Research suggests that monolaurin offers some degree of immune support for the influenza virus and also for the following viruses, including, cytomegalovirus, according to the article and description of studies on using monolaurin to destroy viruses at:  Monolaurin – A Natural Immune Boosting Powerhouse, Friday, October 31, 2008 - Byron J. Richards, CCN:
In studies performed at the Respiratory Virology Branch, Centers for Disease Control, Monolaurin was shown to remove all measurable infectivity against the following RNA and DNA viruses:

HIV or HIV-1, -6 Visna virus
Herpes simplex virus-i (HSV-1 &2) Vesicular stomatitis virus (VSV)
Measles virus Rubella virus
Epstein-Barr virus (EBV) Respiratory syncytial virus Influenza virus Dengue virus (Type 1-4) Leukemia virus Cytomegalovirus (CMV)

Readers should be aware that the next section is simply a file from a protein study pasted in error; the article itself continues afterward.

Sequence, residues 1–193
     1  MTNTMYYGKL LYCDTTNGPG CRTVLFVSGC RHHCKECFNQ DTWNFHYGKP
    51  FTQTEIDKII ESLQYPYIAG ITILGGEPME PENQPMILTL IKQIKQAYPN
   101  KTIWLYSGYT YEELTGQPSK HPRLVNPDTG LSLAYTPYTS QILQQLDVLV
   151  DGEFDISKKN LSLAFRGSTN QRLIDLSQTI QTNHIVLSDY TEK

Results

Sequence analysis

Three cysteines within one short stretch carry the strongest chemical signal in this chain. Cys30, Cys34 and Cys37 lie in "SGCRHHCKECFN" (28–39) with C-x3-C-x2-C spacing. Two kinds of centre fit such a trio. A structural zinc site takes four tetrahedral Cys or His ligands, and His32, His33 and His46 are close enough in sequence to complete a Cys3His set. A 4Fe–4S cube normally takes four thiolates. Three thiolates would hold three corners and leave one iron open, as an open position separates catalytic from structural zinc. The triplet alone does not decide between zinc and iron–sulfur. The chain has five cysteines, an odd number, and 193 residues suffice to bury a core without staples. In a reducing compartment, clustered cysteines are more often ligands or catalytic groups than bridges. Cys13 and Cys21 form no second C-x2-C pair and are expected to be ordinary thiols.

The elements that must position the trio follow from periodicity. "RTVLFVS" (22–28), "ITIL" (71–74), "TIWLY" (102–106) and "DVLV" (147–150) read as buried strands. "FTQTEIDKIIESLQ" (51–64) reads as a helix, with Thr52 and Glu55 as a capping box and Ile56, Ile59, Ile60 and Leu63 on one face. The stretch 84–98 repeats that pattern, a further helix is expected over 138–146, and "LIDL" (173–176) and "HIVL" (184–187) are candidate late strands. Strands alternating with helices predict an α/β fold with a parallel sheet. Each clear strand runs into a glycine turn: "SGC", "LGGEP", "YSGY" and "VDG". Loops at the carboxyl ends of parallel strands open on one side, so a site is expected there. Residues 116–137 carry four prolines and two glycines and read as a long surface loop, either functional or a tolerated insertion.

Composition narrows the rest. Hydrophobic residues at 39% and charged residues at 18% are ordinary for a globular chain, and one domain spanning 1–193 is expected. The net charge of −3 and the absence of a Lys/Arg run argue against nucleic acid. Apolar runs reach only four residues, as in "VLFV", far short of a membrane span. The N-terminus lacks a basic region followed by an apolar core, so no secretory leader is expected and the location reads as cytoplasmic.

Semliki forest virus Lymphocytic choriomeningitis
Human papilloma virus (HPV) Pneumovirus
Monolaurin has also been proven to deactivate the following in laboratory tests:
Gram-positive organisms Gram-negative organisms Bacillas anthracis (Anthrax) Chlamydia pneumonia Listeria monocytogenes Neisseria gonorrhoeae Staphylococcus aureus Helicobacter pylorus
Groups A, B, F & G streptococci Mycoplasma pneumonia Streptococcus agalactiae Vibrio parahaemolyticus Mycobacteria Clostridium perfringens
Yeasts, Fungi, and Molds Aspergillus Niger Malassezia, species Saccharomyces cerevisiae Penicillium citrinum Ringworm or tinea (Trichophyton) Candida utilis A number of protozoa like Giardia lamblia are also inactivated or killed by Lauric Acid.